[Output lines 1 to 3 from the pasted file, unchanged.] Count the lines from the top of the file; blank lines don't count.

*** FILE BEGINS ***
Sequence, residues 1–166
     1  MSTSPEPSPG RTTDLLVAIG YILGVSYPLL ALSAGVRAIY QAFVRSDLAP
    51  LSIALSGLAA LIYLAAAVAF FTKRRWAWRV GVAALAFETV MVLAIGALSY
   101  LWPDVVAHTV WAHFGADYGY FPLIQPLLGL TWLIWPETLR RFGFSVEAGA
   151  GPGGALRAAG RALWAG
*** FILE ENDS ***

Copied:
Sequence, residues 1–166
     1  MSTSPEPSPG RTTDLLVAIG YILGVSYPLL ALSAGVRAIY QAFVRSDLAP
    51  LSIALSGLAA LIYLAAAVAF FTKRRWAWRV GVAALAFETV MVLAIGALSY